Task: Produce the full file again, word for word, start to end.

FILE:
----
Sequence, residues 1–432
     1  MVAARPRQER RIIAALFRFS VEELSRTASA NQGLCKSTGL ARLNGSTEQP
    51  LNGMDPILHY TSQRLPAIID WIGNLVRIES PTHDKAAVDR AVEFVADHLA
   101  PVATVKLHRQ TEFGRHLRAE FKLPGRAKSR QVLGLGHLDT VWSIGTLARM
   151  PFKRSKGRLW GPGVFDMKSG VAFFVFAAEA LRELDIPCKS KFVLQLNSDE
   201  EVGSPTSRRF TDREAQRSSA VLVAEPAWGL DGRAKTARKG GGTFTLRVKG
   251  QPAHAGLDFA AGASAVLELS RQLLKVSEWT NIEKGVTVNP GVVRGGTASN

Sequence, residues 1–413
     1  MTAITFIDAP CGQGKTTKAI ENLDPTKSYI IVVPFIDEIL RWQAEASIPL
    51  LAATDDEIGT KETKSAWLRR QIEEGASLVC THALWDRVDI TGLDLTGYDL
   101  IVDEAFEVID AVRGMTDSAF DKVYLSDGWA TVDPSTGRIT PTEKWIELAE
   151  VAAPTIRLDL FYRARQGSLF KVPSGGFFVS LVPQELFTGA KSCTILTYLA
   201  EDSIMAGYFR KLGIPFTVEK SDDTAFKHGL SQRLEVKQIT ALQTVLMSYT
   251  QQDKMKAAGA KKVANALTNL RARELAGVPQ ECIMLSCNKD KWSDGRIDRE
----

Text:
Sequence, residues 1–432
     1  MVAARPRQER RIIAALFRFS VEELSRTASA NQGLCKSTGL ARLNGSTEQP
    51  LNGMDPILHY TSQRLPAIID WIGNLVRIES PTHDKAAVDR AVEFVADHLA
   101  PVATVKLHRQ TEFGRHLRAE FKLPGRAKSR QVLGLGHLDT VWSIGTLARM
   151  PFKRSKGRLW GPGVFDMKSG VAFFVFAAEA LRELDIPCKS KFVLQLNSDE
   201  EVGSPTSRRF TDREAQRSSA VLVAEPAWGL DGRAKTARKG GGTFTLRVKG
   251  QPAHAGLDFA AGASAVLELS RQLLKVSEWT NIEKGVTVNP GVVRGGTASN

Sequence, residues 1–413
     1  MTAITFIDAP CGQGKTTKAI ENLDPTKSYI IVVPFIDEIL RWQAEASIPL
    51  LAATDDEIGT KETKSAWLRR QIEEGASLVC THALWDRVDI TGLDLTGYDL
   101  IVDEAFEVID AVRGMTDSAF DKVYLSDGWA TVDPSTGRIT PTEKWIELAE
   151  VAAPTIRLDL FYRARQGSLF KVPSGGFFVS LVPQELFTGA KSCTILTYLA
   201  EDSIMAGYFR KLGIPFTVEK SDDTAFKHGL SQRLEVKQIT ALQTVLMSYT
   251  QQDKMKAAGA KKVANALTNL RARELAGVPQ ECIMLSCNKD KWSDGRIDRE